As well as the traditional content above, which will be familiar to chessplayers from Chess Informant‘s earliest days, there are several interesting articles in the current volume. Three tournament reports, two on Gibraltar and the other on Riyadh, and three opening surveys, each one quite different in character. Ivanisevic looks at a curious line in the English Opening: 1.c4 e5 2.Nc3 Nf6 3.e3 intending (can you guess?) a quick bayonet attack with 4.g4. It looks wild and wacky, but Carlsen himself has experimented with this line. Then Delchev comes on and casts not so much a critical eye as a warm and welcoming smile (for you can smile with your eyes) over an unusual move in the Exchange Slav: 1.d4 d5 2.c4 c6 3.cxd5 cxd5 and now the skydiving leap 4.Bg5. This was a typically classy essay from the Bulgarian grandmaster. Finally, Markus examines a quiet positional system could arise after 1.d4 Nf6 2.c4 e6 3.Nf3 d5 (or 3…Bb4 4.Nbd2 or 3…b6 4.e3: there are many transpositional possibilities) 4.e3, etc. It can hardly be bad but nor is it particularly testing. Somehow, this system reminds me of a lot of Keres games where he had hanging pawns at c4 and d4, Horwitz bishops at d3 and b2, and typically won with a pawn advance in centre and / or a kingside attack involving a bishop or knight sacrifice on h7 or g7 and a rook lift across to h3 or g3. So maybe if you make this voyage there will be stormy seas ahead and not necessarily all ‘calm waters’, as Markus puts it.

In an interesting contribution, ‘Chess In The Fast Lane’, that maverick spirit Jobava analyzes 5 blitz and rapid games (he plays in two of them) and reflects on how the faster time control influences decision making and choice of move (do players tend to take more risks?). Perunovic has a neat, instructive essay on the issues arising when you’re thinking of liquidating into a pawn ending. Some well-chosen examples here, together with astute advice. Finally, the featured player in the ‘Best of Chess Informant’ section is the French grandmaster Maxime Vachier-Lagrave. He may look a little like Clark Kent or an art historian specialising in the Northern Renaissance (he is the spitting image of a friend of mine who does exactly that), but he is also one of the strongest, most creative and exciting chessplayers in the world at the moment. This section has a selection of his best games and combinations, his best opening novelties and endgame play. Inspirational.

All in all, this is a royal feast of fine chess from the world’s premier chess periodical! The publisher’s description of Chess Informant 135 is here.

Strike first with the Scandinavian

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Strike first with the Scandinavian

By Christian Bauer

ChessBase, 2017

EAN: 4027975008479

Strike first with the Scandinavian

There are a fair few reasons why the Scandinavian might serve you well as a defence to 1.e4.

First off, it is an opening that players on the White side might be inclined to underrate, not least because it breaks a cardinal rule drummed into us all as beginners: do not develop the queen at an early stage of the game (1.e4 d5 2.exd5 Qxd5). White players may take the tack that simply by playing sensible developing moves they will obtain an advantage. Secondly, theoretical knowledge develops slowly in the Scandinavian and, while there are certainly some critical lines, it is a low-maintenance defence. There are not many such defences around, frankly, so when you find one, cherish it. Third, Black can create the pawn structure he wants (essentially W: d4 versus B: c6 and e6) virtually by force. Larsen somewhere characterised the Scandinavian as an improved form of the Caro-Kann, and so in a sense it is. Certainly, it is more straightforward to play. Black doesn’t have to contend with interlocking pawn chains or isolated queen’s pawn positions, as he does when playing the Caro-Kann (think of the Advance Variation, the Panov-Botvinnik Attack).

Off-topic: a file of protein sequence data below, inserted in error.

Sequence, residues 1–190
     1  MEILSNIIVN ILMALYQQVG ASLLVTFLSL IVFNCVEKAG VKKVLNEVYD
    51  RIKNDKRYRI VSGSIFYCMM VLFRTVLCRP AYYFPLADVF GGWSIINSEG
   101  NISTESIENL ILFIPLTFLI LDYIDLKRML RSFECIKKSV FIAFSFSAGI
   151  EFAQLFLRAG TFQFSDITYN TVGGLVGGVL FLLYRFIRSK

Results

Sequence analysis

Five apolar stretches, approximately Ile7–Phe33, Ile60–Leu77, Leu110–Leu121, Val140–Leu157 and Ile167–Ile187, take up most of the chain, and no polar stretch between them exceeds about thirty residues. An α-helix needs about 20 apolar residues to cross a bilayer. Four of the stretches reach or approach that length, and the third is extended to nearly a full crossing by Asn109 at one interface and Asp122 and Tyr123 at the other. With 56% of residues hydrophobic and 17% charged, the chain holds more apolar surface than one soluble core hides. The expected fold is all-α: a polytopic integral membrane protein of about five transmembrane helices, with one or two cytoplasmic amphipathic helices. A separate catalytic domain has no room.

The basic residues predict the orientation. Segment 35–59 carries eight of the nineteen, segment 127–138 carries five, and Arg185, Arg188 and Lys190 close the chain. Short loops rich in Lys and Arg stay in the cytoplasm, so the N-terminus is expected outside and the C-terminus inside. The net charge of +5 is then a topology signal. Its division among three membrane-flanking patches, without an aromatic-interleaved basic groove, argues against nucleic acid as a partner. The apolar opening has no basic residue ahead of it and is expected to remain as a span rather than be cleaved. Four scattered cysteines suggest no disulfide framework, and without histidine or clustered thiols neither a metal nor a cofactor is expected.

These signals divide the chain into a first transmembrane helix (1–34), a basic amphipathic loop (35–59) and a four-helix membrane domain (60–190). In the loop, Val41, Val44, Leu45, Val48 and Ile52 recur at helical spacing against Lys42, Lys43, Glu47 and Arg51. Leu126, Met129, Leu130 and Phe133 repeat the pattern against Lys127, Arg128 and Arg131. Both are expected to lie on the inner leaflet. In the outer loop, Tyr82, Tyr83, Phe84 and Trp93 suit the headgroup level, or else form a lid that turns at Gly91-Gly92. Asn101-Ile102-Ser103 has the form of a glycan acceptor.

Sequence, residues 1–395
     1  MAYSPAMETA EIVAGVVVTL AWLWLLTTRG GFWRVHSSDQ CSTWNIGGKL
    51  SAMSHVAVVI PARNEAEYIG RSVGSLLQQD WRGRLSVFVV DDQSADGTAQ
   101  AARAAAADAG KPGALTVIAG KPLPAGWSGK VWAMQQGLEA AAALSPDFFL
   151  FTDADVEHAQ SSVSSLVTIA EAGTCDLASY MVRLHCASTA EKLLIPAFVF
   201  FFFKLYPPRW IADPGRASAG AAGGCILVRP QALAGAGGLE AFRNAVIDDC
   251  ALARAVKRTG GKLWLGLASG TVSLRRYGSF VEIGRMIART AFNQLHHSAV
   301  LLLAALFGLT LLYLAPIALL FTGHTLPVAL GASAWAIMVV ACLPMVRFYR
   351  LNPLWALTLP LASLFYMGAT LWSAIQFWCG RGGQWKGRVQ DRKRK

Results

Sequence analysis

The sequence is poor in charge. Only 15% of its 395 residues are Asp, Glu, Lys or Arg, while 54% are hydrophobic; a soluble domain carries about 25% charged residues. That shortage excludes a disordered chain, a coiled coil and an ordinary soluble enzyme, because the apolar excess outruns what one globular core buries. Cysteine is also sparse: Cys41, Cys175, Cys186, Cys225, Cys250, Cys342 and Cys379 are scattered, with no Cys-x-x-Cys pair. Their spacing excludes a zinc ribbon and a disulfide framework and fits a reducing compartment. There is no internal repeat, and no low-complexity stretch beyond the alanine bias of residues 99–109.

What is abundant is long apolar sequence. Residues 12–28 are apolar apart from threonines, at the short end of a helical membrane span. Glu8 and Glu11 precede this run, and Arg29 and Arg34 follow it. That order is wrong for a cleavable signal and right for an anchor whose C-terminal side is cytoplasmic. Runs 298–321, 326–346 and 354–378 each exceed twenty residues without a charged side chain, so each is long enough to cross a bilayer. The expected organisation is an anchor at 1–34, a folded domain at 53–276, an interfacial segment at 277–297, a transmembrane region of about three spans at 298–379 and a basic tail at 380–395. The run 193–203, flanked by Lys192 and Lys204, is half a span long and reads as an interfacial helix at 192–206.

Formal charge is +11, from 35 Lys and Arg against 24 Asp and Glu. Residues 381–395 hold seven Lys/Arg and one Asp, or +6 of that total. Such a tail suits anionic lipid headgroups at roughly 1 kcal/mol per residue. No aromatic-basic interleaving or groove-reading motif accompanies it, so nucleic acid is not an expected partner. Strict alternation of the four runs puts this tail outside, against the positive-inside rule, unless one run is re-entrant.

At move three (following the usual sequence 1.e4 d5 2.exd5 Qxd5 3.Nc3), Christian Bauer recommends the once standard 3…Qa5 rather than Titiakov’s new-fangled (once, at any roads, it is now quite common) 3…Qd6 (which offers ‘only distant chances to equalise’ according to Bauer) or 3…Qd8, a move essayed by the current world champion. He presents the detailed theoretical material in the form of 30 or so video tutorials, with a further 13 videos being used to test tactical skills and understanding of Scandinavian structures. There are also two accompanying databases: one is a summary of the analysis in the videos, consisting of key games and lines, the other is a collection of 78 instructive Scandinavian games, about 30 of which are annotated by Bauer. In the ‘Analysis’ database I had some difficulty locating Bauer’s fine victory over Zinchenko (played at Metz, 2010), given in video 12, but found it eventually (the complete game) in the annotations to the main game Pavasovic-Bauer. Apparently, games given in the annotations are not searchable in the database (Pavasovic delivers a search result, Zinchenko does not).

Now a confession: I am a 1.e4 player myself and only intermittently Scandinavian (I like to watch Ibsen, eat Ollebrod and drink Sloe Gin on occasion, though not all at the same time), so let me take the opportunity to suggest three options for White:

  1. The mainline pawn sacrifice of 10.Qe2!? Bxc2 is worth exploring (this following 1.e4 d5 2.exd5 Qxd5 3.Nc3 Qa5 4.d4 Nf6 5 5.Nf3 c6 6.Bc4 Bf5 7.Bd2 e6 8.Nd5 Qd8 9.Nxf6+ gxf6), when the most accurate continuation is 11.0-0 Bg6 12.Rfe1… with decent compensation.
  2. An interesting positional sideline involves fianchettoing the king’s bishop and then, after the …Bc8 develops, hitting the Queen with b4 and following up with a later b4-b5 to try to pry open the long diagonal. Look, for example, at this game: 1.e4 d5 2.exd5 Qxd5 3.Nc3 Qa5 4.Nf3 Nf6 5.g3 c6 6.Bg2 Bf5 7.b4!? Qc7 (7…Qxb4 8.Rb1) 8. 0-0 e6 9.Rb1 Be7 10.b5, etc. (Shabalov-Minasian, New York 1998).